Start your engines!
On the technical side of things, this approach to development is quite a challenge: not only does the first playable version have to be available after eight weeks, but it has to be built in a way that allows for future iterations. Like many other gaming companies, we use the game engine Unity to make this process a little easier for us. Unity helps us to build that MVP in a short amount of time: development is fast and easy, games can be ported to almost all platforms, and the asset store and other third-party services save weeks of work. In addition, other built-in services, such as Unit Testing, analytics and performance reporting make the life of every developer much easier. However, the one thing that allows for successful implementation of this approach to development, is following a code architecture. Architecture in code will help to write code with better quality, to maintain a product with fewer bugs, and to write independent features that are easy to iterate on and easy to test. The architectural framework we use at Kolibri Games is called “Model View Controller” (MVC) — an easy architecture that allows us to completely separate our logic from our engine Unity. Our models contain the business logic and our data and are both written in plain C#. Our controller handles some of the view logic and navigation, likewise in C#. Our view is the MonoBehavior that is attached to a prefab (a pre-configured game object), which is our only point of contact with Unity. Adhering to this architecture, a typical workflow will look like this: A controller is reading the model, taking that data and updating the view. At some point, the user will give input and interact with the view. The input gets sent to the controller, which takes that input, modifies it and, in turn, uses it to update the model.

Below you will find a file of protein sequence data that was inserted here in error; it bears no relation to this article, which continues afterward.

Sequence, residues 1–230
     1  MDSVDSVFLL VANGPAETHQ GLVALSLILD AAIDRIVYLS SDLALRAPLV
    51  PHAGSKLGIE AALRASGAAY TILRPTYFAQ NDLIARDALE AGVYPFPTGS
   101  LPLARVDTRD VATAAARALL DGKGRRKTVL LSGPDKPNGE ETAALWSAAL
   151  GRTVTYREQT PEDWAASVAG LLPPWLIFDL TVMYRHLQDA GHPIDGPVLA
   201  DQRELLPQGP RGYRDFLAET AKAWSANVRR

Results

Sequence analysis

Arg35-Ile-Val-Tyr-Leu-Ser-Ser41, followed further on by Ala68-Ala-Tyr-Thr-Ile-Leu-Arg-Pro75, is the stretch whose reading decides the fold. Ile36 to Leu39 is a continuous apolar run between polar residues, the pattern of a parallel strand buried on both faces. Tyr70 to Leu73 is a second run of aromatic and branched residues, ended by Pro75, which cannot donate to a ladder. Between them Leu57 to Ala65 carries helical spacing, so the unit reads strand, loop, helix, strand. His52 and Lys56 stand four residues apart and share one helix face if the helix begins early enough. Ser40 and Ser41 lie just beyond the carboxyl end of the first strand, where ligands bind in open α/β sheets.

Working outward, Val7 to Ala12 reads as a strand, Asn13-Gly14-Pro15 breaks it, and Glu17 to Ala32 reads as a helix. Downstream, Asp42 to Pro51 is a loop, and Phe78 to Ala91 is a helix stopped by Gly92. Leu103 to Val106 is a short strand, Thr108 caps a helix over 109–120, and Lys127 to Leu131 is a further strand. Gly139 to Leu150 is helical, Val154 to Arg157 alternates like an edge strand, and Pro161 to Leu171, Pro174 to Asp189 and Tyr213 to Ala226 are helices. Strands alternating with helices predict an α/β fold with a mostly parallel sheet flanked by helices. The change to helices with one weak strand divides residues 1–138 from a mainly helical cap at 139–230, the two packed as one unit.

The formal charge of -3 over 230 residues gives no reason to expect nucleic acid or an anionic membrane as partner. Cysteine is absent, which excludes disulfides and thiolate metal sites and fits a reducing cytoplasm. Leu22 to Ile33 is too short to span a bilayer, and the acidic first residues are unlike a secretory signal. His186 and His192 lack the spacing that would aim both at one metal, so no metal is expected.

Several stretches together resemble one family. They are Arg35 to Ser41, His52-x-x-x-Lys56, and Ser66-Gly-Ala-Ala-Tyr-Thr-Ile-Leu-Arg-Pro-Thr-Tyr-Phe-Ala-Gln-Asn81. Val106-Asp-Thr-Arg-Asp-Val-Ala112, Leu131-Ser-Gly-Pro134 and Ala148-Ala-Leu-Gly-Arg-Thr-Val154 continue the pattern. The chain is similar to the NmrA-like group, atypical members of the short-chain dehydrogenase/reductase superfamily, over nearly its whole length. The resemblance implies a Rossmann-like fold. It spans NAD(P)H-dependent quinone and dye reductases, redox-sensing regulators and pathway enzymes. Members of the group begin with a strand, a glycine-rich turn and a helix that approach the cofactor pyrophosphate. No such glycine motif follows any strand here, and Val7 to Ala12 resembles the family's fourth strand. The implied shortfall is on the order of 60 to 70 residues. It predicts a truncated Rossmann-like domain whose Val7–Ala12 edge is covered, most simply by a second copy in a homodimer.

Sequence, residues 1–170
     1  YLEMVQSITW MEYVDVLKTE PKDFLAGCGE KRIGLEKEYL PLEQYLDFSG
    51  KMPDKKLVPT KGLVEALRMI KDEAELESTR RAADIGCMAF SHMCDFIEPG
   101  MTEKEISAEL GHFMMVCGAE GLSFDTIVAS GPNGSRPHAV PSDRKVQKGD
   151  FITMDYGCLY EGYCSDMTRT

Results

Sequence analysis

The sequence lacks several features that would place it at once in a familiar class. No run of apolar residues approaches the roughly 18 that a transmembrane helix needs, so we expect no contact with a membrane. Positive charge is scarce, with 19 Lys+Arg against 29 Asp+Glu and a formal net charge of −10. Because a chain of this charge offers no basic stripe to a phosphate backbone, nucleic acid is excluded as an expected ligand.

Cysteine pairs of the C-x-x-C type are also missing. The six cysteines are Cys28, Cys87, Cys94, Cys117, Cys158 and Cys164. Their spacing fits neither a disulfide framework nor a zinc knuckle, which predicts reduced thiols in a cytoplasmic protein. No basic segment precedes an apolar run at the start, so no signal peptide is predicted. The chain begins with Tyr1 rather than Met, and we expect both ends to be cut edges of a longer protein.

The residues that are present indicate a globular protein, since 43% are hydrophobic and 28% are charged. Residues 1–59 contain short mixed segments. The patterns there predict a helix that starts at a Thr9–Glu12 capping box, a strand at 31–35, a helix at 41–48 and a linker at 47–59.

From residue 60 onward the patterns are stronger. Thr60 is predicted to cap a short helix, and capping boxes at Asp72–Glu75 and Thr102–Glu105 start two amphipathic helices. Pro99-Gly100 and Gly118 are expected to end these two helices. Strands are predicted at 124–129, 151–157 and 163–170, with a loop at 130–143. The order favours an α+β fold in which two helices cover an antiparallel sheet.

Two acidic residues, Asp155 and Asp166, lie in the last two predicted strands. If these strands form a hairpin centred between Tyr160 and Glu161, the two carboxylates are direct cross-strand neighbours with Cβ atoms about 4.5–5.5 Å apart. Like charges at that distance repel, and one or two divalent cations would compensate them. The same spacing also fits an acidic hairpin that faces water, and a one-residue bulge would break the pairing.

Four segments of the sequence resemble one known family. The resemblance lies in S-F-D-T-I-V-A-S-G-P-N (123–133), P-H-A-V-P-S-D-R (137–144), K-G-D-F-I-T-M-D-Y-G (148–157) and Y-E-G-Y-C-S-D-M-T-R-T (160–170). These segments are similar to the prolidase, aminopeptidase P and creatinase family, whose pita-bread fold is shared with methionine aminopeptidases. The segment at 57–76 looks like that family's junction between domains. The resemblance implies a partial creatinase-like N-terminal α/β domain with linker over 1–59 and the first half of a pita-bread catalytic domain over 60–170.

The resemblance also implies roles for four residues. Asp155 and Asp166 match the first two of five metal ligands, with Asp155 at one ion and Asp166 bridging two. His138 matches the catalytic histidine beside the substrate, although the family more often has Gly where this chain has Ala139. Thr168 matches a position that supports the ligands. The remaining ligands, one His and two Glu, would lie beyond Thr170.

An overview of our code architecture, Model View Controller.
In addition to simply producing cleaner code, MVC helps with development in a number of ways. Unit Tests, which usually take a lot of effort when done on MonoBehaviors, as it requires them to be located in a scene, attached to a game object, become much easier: With our architecture, we can substitute the Unity component, or the view in this case, with a “fake view”. Like that, our Unit Tests can run in plain C# and be executed on the server and everywhere else.
How MVC helps us with Unit Tests.
Further, when scaling up a project and working on it with multiple people, modularity becomes increasingly important and MVC helps us to implement it — by keeping all of our systems as isolated as possible, we ensure that multiple people can work on different parts of a feature or different features at the same time. In Unity, we enable modularity by starting with an empty scene in which we create all models, controllers and views in C#. Only one person can work on a single scene at a time, which is why we don’t collect multiple features in one scene. Just like prefabs, they can’t be merged with source control, so keeping prefabs as small and granular as possible is key. Prototypes — they are a great quick fix and often discarded after they have fulfilled their function. However, at Kolibri Games, we build MVPs that are tested and scaled up, and our MVC approach helps us with that. For a simple prototype, you take a scene, throw in a game object and attach a bunch of MonoBehaviors to it. Each game object here has its own start method, their update loops and whenever you want to access another system, you simply go for the dirty “gameObject.findobjectsoftype” move. While this approach is totally fine and appropriate at game jams, it’s completely unsuitable for our professional work processes, where we are looking to continuously improve a first version instead of throwing it away. Eventually, prototypes are less testable, have less quality in code, are less changeable and take longer to iterate on. Although prototyping is super fast in the early stages, MVC enables us to sustain a constant speed later on when improving and developing our games. Even though it is quite contested, and outright refused by many, lean development with MVPs has allowed us to ship updates to our games on an almost weekly basis, keeping what worked well and improving what didn’t. We have created and maintained games that our players love for about three years now, and are confident that our approach will allow us to do so many years from now.